News | Wednesday, 13 May 2009

Ministry waits for AG decision to appeal on VAT interest case

Karl Stagno-Navarra

The Ministry of Finance is waiting for the recommendations of the Attorney General on whether it should appeal from a court decision delivered last Monday against unjustified interest rates charged by the VAT department on outstanding dues contested before the VAT Board of Appeal.
The constitutional application filed by Clayton Communications Co. Ltd against the Prime Minister, the Attorney General, the Commissioner of VAT and the VAT Appeals Board; was upheld by the court since the imposed interest rate of 1 per cent per month was “tantamount to depriving an individual of access to the courts”.
The Finance Ministry yesterday told Business Today it was waiting to see what the Attorney General is recommending with regard to appealing the court ruling, given that the decision “may have implications” on many other pending appeals before the VAT appeals Board.
Clayton Communications pleaded that it had a dispute with the Commissioner of VAT and had lodged an appeal that was pending before the Appeals Board, but interest was still being charged on the outstanding amount in dispute while the case was still pending.
The company complained that the interest rate imposed was counter to the principle of equality of arms during a dispute, while it had the effect of discouraging an individual from appealing before the VAT Appeals Board.
Judge Caruana Demajo ruled that Clayton Communications Co Limited was not contesting the imposition of interest, but the fact that interest was running due to the lapse of time until the Appeal Board appointed its appeal for hearing was unjust.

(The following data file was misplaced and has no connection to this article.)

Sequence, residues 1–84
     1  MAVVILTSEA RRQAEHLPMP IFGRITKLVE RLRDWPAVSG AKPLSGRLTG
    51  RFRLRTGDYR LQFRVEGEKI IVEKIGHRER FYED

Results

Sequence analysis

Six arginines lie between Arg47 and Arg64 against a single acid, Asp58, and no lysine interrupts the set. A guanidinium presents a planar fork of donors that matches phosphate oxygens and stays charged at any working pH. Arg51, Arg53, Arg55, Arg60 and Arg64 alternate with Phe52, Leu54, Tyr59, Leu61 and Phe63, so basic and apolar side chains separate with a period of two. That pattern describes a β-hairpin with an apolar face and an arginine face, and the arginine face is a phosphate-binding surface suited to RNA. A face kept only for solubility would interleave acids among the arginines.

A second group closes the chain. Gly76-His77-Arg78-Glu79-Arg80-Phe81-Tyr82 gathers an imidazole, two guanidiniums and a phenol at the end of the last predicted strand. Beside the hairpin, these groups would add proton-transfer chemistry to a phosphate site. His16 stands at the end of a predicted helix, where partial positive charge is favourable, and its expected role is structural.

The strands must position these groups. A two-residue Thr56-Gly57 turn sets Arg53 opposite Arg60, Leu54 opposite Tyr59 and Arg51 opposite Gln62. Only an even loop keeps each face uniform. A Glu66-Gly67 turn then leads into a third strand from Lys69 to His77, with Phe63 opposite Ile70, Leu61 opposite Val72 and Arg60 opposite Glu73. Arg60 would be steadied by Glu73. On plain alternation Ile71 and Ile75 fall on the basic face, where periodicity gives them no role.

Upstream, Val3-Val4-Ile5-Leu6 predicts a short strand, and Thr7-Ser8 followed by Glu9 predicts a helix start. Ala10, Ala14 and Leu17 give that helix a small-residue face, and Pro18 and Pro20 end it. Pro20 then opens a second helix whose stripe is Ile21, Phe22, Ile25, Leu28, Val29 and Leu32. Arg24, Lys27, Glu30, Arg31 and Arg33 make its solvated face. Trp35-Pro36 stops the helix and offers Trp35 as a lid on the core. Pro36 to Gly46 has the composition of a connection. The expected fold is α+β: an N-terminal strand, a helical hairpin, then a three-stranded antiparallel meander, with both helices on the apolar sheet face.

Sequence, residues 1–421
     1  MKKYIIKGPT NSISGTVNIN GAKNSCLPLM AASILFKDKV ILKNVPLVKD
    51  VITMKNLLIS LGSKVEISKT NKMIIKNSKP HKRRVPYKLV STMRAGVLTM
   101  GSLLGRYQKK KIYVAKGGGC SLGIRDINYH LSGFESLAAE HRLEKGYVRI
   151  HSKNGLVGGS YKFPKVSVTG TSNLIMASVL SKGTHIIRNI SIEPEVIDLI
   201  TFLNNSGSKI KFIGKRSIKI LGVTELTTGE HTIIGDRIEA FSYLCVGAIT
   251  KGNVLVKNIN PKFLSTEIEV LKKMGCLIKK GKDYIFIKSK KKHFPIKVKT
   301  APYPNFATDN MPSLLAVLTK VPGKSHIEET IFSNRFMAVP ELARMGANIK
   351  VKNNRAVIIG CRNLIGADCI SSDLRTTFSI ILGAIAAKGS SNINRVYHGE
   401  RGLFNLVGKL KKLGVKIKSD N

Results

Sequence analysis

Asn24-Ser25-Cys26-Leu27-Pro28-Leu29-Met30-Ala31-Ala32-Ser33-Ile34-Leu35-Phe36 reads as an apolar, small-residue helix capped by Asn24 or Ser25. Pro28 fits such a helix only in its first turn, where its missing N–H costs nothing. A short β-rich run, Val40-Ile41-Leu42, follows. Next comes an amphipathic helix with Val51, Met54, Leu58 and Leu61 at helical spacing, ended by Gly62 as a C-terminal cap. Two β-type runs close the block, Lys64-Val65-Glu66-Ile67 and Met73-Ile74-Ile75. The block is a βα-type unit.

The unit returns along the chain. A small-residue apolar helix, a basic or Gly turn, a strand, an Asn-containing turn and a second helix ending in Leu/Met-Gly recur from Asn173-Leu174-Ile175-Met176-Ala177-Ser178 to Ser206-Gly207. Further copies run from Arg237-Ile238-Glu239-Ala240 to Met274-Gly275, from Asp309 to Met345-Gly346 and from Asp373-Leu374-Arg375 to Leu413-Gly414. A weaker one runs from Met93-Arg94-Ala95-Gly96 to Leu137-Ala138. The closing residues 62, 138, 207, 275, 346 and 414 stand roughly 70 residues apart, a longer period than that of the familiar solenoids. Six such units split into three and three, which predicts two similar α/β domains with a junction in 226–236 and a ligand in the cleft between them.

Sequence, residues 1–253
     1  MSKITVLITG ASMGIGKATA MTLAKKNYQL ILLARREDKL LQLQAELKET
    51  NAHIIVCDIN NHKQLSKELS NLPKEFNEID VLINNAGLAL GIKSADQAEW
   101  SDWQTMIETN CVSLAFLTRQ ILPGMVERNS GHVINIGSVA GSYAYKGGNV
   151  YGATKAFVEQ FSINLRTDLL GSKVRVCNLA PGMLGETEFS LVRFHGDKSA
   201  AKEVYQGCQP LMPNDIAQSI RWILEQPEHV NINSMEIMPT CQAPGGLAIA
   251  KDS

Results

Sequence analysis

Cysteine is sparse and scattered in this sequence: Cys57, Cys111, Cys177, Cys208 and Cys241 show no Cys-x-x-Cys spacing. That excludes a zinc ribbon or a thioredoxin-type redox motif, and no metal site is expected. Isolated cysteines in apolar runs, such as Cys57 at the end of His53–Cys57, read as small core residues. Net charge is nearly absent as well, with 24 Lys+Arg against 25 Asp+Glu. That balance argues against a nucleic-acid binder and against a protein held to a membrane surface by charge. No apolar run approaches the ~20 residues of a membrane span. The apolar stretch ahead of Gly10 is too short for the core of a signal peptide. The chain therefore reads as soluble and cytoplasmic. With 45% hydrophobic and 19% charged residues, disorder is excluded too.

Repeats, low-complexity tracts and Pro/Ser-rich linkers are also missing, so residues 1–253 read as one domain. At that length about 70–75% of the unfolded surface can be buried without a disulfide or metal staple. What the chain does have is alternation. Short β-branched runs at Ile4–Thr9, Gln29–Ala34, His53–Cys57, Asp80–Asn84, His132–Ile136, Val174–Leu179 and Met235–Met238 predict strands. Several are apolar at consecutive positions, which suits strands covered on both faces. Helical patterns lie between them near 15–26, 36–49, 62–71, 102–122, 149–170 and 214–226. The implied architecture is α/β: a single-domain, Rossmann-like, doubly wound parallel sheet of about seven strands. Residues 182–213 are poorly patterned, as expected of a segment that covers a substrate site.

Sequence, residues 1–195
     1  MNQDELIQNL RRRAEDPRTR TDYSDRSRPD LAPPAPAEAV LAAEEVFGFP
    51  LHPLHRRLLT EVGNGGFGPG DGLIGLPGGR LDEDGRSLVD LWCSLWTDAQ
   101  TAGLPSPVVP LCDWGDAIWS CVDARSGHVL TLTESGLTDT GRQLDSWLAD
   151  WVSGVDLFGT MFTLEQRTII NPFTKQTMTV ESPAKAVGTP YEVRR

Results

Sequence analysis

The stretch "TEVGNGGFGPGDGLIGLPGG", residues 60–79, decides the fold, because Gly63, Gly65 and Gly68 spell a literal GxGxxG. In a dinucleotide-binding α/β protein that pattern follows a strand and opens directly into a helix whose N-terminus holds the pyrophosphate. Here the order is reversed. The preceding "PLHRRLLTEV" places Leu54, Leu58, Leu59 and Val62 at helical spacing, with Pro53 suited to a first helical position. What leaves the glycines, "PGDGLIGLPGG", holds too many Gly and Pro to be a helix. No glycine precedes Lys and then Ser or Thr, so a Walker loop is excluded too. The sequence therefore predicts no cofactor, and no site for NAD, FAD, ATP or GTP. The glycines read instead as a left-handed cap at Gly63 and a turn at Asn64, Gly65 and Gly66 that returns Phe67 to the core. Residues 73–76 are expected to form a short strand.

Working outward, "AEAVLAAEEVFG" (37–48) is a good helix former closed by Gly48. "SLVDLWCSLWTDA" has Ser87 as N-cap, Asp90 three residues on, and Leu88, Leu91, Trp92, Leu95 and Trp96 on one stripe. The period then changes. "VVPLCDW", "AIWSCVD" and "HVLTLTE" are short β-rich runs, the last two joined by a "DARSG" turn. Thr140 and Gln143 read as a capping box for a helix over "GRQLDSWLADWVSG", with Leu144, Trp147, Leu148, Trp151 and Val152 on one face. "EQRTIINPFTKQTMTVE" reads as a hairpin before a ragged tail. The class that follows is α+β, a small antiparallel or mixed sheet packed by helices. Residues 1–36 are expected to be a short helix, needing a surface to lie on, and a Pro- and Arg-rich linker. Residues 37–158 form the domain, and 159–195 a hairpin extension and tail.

Consequently, the company was being charged interest due to unjustified delays on the part of the same Appeals Board and not through a delay on the company’s part.
The court ruled in favour of Clayton Communications Co Ltd after noting that the interest rate was much higher than that normally charged on debts of a private nature, and therefore the rate was of a punitive nature.
The ruling went further to note that the State, which included the Appeals Board, “could benefit from the failure to act on the part of the Board.”
In conclusion, it ruled that there was a violation of the company’s right to access a court.
Judge Caruana Demajo ordered that the rate of interest which the company was bound to pay could not exceed the normal legal limit established by the general laws of the country.
The ruling is reported to have let many to reconsider their position, following the numerous recommendations given by accountants not to contest their VAT bills because of the interest charged while the Appeal Board hears the case.
Many accountants considered the interest charge during appeals, as “intimidatory”.
Dr Robert Attard appeared for Clayton Communications Co. Ltd.

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13 May 2009

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